In many ways, our culture is designed to keep us restless and unsatisfied. Constant advertisements sell us on the idea that something else is better than what we have. Our economy is fueled by competition and comparison. Being complacent—content—is frowned upon. The fear that being content will make us unproductive keeps us striving and working harder and harder. The idea of rest and stillness seems indulgent and lazy.
Though it seems as if our modern-day culture conspires to keep us restless and wanting more, our present dilemmas are nothing new to the condition of the human heart. Consider the Old Testament book of Ecclesiastes. The author, King Solomon, was a king of great renown. The son of Israel's beloved King David, Solomon had restored the people's faith by building an amazing temple to be a place of worship and a home for the Ark of the Covenant (also known as God's presence). He was an extremely successful king by anyone's standards, and the world was seemingly at his fingertips. Solomon had everything that a man could acquire. And yet he was restless.
Have someone read aloud Ecclesiastes 1:1-10.
Ecclesiastes reads like a diary of sorts, chronicling Solomon's pursuit of fulfillment, meaning, and joy. Wisdom—check! Success—check! Wealth—check! Solomon had all those things in spades, and yet he found that nothing he could acquire or attain could give him the deep and satisfying joy that he found when he finally realized he could rest in God's love, provision, and authority. Pursuing anything else, he said, is like "chasing the wind" (Ecclesiastes 1:17).
Centuries after Solomon lived, a young man named Augustine found himself struggling with the same frustrations and fruitless searches Solomon experienced. After living a life devoted first to seeking pleasure and then to seeking wisdom through various philosophical pursuits, Augustine finally discovered that a life of devotion to God and reveling in his status as God's child was the only thing that could truly satisfy. In his classic book Confessions, he wrote, "Thou hast formed us for Thyself, and our hearts are restless till they find rest in Thee."
When Mary Katherine discovers her gift for weaving, she finds fulfillment in her work and receives much encouragement about its quality and beauty from customers, her grandmother, and her cousins. Although she is able to find joy and some peace in that area of her life, it does not fulfill a deeper desire—to experience unconditional love and acceptance from her family and her community. This desire, of course, is only a shadow of her heart's true and greatest desire, which is to know and experience the unconditional love and acceptance of God. Like Solomon, she discovers that the work of her hands cannot fulfill the deep desires of her heart.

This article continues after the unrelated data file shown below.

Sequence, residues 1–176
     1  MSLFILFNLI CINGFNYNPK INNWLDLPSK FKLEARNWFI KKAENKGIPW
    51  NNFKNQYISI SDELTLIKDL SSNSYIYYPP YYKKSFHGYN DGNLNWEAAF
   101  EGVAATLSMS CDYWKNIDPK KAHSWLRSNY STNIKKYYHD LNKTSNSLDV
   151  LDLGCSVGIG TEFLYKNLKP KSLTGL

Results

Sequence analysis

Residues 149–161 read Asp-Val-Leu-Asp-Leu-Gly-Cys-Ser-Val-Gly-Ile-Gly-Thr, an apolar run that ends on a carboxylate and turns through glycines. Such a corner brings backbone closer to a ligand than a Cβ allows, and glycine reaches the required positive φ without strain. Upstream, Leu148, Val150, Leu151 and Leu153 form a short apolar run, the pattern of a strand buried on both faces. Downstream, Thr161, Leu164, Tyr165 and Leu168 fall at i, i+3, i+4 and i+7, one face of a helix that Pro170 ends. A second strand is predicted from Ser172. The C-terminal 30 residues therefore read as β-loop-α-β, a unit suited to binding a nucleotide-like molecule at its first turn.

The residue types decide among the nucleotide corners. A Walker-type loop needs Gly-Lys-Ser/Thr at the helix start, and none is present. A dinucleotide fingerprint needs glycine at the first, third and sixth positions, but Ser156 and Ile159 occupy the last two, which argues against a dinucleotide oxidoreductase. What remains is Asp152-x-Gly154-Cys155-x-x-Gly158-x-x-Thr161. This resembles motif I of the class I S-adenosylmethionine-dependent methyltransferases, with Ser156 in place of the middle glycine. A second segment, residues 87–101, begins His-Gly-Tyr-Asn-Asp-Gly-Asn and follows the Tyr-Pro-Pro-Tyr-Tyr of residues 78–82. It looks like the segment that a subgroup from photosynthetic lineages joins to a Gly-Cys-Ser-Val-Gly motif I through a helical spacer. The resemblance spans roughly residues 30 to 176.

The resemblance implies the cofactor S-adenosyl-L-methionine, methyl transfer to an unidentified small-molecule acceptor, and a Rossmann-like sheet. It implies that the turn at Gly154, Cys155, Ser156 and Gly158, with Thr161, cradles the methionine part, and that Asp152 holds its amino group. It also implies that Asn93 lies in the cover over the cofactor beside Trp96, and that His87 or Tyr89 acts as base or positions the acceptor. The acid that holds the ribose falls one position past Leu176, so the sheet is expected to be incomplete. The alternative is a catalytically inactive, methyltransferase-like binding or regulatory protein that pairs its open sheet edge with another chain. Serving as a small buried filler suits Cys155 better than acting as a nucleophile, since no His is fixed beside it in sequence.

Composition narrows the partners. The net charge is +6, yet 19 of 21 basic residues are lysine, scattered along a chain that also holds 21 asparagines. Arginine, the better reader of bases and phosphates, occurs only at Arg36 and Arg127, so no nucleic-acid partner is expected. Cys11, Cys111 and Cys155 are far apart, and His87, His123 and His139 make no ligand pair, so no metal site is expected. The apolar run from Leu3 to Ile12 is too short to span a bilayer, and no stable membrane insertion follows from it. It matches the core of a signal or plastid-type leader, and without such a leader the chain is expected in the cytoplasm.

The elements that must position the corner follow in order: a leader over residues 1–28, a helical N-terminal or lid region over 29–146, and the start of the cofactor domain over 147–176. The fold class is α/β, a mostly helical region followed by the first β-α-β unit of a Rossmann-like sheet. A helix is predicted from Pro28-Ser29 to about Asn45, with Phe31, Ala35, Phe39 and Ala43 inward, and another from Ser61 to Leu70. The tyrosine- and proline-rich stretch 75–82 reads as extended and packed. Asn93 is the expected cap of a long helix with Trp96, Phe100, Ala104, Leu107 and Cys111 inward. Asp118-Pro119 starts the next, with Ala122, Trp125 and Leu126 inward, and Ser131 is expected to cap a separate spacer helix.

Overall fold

How do you identify with Solomon's frustration in finding meaning in his life? Have you faced similar struggles of your own? (Day 3) Do you identify with Mary Katherine's frustration? How?
Is anyone willing to share her answer to this question: What do you most desire in your life? (Day 3)
Have someone read aloud Proverbs 13:12.
What both King Solomon and Saint Augustine discovered through their experience and disappointment was that choosing to trust and live in God's love is the ultimate source of life and fulfillment for our hearts. Anything else will be less than what we've hoped for, and realizing less than what we've hoped for indeed makes the heart sick.
God's gift of complete love and acceptance required no small sacrifice. John 3:16 says, "For God so loved the world that he gave his one and only Son, that whoever believes in him shall not perish but have eternal life." God sent His Son, Jesus, to Earth to become the sacrifice for our sins and pave the way for us to have an intimate relationship with Him. Trusting in that sacrifice and reveling in our state as God's beloved children is the only way our hearts will find fulfillment during our short time here on Earth. He is the only One who can fulfill the complete desires of our hearts.
God's salvation and grace is a gift to us—there is nothing we can do to earn the gift, and there is nothing we can add to or take away from it. All we need to do is open our hands to the gift of His love and accept it—gratefully and eagerly. It is a perfect gift, and in His love we will find rest for our hungry hearts.
Second Peter 1:3 says, "[God's] divine power has given us everything we need for life and godliness." God has given us His love and His grace—everything that we need to fulfill the deepest longings of our hearts. So why do you think we still tend to have restless hearts? (Day 4)
Thoughts: Often we let our own doubts and fears cloud the truth and keep us from fully experiencing what God has given us. We erroneously think we need to do more for God in order to be truly accepted by Him. Because we tend to think we must earn God's love, we're often afraid to let go and fully trust Him because we're afraid we'll mess it up.
A strong, sensitive, and independent young woman, Mary Katherine wants to be loved for who she is. She finds that she doesn't neatly fit into the mold that many women in her community embody; she wants to be loved and accepted for her own strengths, not just because she can be a good farm wife. In a sense, we are all like Mary Katherine—we all want to know that we are not alone, that we are understood and accepted, that we are loved—in spite of and because of all of the doubts and fears and hopes and dreams inside of us that make us who we are.